Getting on board a “Peace Train”, the motif at the heart of the first release by 786AM (Aminah Mohammad), is something that should appeal to everyone. In a time of crisis, it is a sense of togetherness or community that should triumph rather than increasing division and polarisation.
Manchester-based Aminah is keen to address this and sees the value in community:
‘Manchester is an amazing city,’ she says. ‘The thing I love most about it is the immense amount of grittiness and inner strength in its streets, and the community spirit of the place is beyond spectacular.’
The essence of her song captures this mood, put together locally from a host of musicians and friends for a ‘Made in Manchester’ sound. It draws on the traditions of folk, both in sound and theme, and the backing of the Didsbury String Quartet help evoke the spirit of the late 1960s.
Despite the lyric ‘I’m not preaching about no science or religion’ there is certainly an uplifting spiritual feel to the song, a warm simplicity to complement the timeless message of togetherness in the same way as John Lennon’s “Imagine” or Bob Marley’s “One Love”.
The song also has the theme of starting again (‘the past is where the past belongs…’ she sings) and Aminah had her own life-changing experience after a holiday in North Cyprus where she visited Shaykh Nazimʼs Dergah in Lefke.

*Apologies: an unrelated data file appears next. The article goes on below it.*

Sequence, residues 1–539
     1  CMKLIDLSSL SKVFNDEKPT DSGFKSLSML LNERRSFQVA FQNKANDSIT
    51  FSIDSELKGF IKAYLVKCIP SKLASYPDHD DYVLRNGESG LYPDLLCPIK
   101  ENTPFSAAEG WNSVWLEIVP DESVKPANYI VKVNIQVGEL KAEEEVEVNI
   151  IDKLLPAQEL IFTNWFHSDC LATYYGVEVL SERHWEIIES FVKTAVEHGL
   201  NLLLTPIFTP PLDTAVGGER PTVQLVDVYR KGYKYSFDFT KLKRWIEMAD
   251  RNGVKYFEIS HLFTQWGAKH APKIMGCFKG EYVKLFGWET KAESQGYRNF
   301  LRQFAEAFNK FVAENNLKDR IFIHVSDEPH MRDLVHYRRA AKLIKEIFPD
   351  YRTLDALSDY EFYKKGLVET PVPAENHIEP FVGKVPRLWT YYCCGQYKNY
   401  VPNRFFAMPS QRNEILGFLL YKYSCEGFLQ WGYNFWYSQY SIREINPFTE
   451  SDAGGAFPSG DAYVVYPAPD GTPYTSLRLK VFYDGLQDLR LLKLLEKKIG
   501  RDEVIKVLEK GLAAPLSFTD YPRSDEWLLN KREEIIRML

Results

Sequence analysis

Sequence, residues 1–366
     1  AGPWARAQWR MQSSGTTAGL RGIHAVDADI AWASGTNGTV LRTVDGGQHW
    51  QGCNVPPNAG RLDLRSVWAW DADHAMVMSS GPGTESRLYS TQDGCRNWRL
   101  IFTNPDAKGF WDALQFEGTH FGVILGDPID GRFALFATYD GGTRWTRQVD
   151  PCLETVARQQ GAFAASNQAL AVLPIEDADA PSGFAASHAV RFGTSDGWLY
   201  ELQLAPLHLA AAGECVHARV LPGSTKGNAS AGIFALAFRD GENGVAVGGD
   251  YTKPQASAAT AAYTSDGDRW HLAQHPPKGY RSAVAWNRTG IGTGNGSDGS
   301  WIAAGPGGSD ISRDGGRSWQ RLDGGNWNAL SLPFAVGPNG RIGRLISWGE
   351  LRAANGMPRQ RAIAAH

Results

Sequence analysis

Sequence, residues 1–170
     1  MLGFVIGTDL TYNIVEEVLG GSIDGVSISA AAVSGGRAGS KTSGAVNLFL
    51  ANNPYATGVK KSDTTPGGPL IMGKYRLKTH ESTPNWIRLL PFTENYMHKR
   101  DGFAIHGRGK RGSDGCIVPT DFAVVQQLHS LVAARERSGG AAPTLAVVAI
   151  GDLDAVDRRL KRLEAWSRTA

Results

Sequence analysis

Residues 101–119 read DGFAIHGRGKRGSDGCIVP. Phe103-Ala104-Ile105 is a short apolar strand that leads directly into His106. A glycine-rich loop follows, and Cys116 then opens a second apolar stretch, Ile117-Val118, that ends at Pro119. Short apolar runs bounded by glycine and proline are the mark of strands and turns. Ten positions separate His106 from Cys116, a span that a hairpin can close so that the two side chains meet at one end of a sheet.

‘It changed my life,’ she says. ‘When I returned to England, I was a completely different person. In my heart, I knew that Islam is the way to peace, happiness and fulfilment in this life and the next, so I quit my job, changed my living circumstances, changed my appearance, and changed my daily activities in order to live my life more in alignment with Islamic principles.’
Aminah labels herself as a multi-instrumentalist, playing guitar and piano on the song as well as providing vocals.
‘My mother bought me my first piano when I was four and I was classically trained from the age of five.’ she recalls. ‘My father bought me my first guitar when I was sixteen and I taught myself how to play. Singing has always been a major part of my life and itʼs what Iʼd class as my first instrument. Iʼd like to learn how to play the violin at some point as well!’
Aminah cites influences such as Joan Baez, Bob Dylan, and Yusef Islam as ‘they all write about peace, and they all tell great stories in their music that opens the hearts of their listeners; something that I try to emulate in all of my creations.’
“Peace Train” is out now.